It’s definitely October as the leaves are turning colors and falling to the ground to be swept up into piles…for jumping in of course! October is also International Black Cat Awareness Month. A time when we celebrate these wonderful animals and raise awareness to break the superstitions that have plagued them for centuries.
The history of black cats
Many cultures have documented their history related to black cats. And it’s interesting to note that sometimes the cats are perceived as good luck, and other times not so much:
- In Scotland they believe that a strange black cat’s arrival to the home signifies prosperity.
- In the ancient Celtic mythology, a fairy known as the Cat Sìth takes the form of a black cat.
- If you travel to Japan or the U.K. black cats are considered good luck. They even believe that a lady who owns a black cat will have many suitors.
- Unfortunately in more Western history and cultures, black cats have typically been looked upon as a symbol of evil omens often associated with witches.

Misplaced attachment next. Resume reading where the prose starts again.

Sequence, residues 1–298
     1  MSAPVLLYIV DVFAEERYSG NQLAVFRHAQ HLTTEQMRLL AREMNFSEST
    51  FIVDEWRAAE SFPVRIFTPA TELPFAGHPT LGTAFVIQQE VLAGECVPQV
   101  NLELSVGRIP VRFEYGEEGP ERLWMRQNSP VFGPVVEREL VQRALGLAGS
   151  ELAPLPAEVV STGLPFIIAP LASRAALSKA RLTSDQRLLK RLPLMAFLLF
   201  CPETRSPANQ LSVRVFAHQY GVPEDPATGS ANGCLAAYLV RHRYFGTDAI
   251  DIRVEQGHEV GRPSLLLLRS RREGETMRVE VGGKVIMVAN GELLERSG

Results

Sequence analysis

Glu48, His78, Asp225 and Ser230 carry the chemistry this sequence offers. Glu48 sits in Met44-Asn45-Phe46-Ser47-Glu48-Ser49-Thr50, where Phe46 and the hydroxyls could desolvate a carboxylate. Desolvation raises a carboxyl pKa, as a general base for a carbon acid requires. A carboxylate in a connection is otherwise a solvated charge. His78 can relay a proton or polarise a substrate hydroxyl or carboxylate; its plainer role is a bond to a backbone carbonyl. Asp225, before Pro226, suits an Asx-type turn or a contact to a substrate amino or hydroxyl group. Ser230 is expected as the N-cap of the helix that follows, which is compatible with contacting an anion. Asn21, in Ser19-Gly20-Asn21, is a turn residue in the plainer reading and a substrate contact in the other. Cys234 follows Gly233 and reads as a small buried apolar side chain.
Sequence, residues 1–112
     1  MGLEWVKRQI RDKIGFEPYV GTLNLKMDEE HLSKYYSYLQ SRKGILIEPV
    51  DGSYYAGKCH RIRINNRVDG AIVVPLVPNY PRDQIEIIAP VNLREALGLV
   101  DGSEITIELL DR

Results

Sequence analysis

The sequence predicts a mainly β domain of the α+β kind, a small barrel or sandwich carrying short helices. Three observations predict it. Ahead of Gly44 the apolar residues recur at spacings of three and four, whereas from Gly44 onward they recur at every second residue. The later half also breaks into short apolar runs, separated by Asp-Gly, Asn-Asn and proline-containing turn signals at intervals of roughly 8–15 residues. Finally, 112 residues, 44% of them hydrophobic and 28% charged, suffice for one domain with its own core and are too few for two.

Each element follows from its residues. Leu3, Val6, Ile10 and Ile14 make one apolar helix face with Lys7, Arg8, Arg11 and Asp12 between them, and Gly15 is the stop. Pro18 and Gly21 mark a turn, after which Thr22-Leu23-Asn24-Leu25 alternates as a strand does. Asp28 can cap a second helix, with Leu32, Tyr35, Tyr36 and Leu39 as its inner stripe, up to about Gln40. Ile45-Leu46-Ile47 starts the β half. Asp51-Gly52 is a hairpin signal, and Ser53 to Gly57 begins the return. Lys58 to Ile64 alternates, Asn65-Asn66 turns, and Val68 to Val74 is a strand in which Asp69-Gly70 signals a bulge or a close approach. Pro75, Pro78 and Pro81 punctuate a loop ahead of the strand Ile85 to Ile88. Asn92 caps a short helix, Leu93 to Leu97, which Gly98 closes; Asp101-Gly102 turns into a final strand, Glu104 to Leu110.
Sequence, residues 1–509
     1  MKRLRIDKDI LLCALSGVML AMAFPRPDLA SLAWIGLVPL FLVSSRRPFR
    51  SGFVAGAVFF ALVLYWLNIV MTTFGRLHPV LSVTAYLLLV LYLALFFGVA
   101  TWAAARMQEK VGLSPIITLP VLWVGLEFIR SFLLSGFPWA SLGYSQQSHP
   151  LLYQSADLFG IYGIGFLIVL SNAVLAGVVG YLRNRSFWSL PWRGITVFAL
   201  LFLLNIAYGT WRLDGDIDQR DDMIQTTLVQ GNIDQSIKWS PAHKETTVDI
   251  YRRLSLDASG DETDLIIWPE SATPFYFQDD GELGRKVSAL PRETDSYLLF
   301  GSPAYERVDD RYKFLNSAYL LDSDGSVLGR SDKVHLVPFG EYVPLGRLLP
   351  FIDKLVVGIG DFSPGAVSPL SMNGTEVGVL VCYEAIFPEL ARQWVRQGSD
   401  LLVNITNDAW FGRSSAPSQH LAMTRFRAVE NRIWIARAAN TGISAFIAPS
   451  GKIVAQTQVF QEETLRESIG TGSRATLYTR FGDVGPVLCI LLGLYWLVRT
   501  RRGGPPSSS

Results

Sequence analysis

- In Europe if a black cat crosses your path it’s considered bad luck.
- Black cats & the Pilgrims
In the history of the United States, black cats have been persecuted since the time of the Pilgrims which is ironic given their good luck stature in the U.K. The Pilgrims were the ones that associated black cats to witches which helped perpetuate even to this day, the idea of black cats at Halloween. The Pilgrims were so suspicious that anyone caught with a black cat would be severely punished or even killed. They viewed the black cat as part demon and part sorcery which in turn led people to kill black cats.
Black cats in animal shelters
All of these superstitions and associations with Halloween and witches have been a constant problem for black cats. Studies have even shown that black cats have lower odds of adoption in animal shelters compared to other colors. Many animal shelters will not adopt black cats out around Halloween given the continuing superstitions and satanic tendencies of some around these celebrations.
Celebrating black cats
October 27 was originally designated ‘Black Cat Day’ by the Cats Protection organization in the U.K. to celebrate the virtues of black cats and to encourage people to adopt unwanted black cat. It has since grown to be celebrated as a month to bring awareness to the plight of black cats and to encourage people to consider them for adoption
We at the ARPA celebrate black cats. After all, our founder has 3 of them in addition to black dogs!
Black cats are not always considered a bad omen in Europe when it crosses your path, only if it crosses your path from left to right. If it crosses your path from right to left it means good luck. The saying rhymes in German and it’s hard to translate in to English.